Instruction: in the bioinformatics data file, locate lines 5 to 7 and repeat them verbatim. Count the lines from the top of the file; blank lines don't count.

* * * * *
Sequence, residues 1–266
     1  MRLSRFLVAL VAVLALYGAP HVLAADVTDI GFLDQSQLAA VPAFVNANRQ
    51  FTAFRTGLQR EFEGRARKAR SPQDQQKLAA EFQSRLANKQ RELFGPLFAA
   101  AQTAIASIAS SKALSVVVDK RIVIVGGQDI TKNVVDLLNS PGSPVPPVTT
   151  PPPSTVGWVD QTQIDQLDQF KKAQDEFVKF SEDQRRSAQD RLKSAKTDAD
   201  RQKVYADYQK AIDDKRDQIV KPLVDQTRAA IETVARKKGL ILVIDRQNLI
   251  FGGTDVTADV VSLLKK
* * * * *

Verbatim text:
   151  PPPSTVGWVD QTQIDQLDQF KKAQDEFVKF SEDQRRSAQD RLKSAKTDAD
   201  RQKVYADYQK AIDDKRDQIV KPLVDQTRAA IETVARKKGL ILVIDRQNLI
   251  FGGTDVTADV VSLLKK